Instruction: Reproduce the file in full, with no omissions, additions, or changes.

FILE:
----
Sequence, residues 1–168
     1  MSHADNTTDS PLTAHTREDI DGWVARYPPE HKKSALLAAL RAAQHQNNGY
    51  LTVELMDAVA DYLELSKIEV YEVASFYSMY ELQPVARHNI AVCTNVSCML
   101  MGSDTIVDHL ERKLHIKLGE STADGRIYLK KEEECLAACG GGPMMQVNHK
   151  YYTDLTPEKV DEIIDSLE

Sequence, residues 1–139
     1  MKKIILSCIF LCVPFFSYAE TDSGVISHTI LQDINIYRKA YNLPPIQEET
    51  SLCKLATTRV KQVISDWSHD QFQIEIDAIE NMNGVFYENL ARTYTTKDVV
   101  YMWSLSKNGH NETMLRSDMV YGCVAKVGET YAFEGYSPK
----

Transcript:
Sequence, residues 1–168
     1  MSHADNTTDS PLTAHTREDI DGWVARYPPE HKKSALLAAL RAAQHQNNGY
    51  LTVELMDAVA DYLELSKIEV YEVASFYSMY ELQPVARHNI AVCTNVSCML
   101  MGSDTIVDHL ERKLHIKLGE STADGRIYLK KEEECLAACG GGPMMQVNHK
   151  YYTDLTPEKV DEIIDSLE

Sequence, residues 1–139
     1  MKKIILSCIF LCVPFFSYAE TDSGVISHTI LQDINIYRKA YNLPPIQEET
    51  SLCKLATTRV KQVISDWSHD QFQIEIDAIE NMNGVFYENL ARTYTTKDVV
   101  YMWSLSKNGH NETMLRSDMV YGCVAKVGET YAFEGYSPK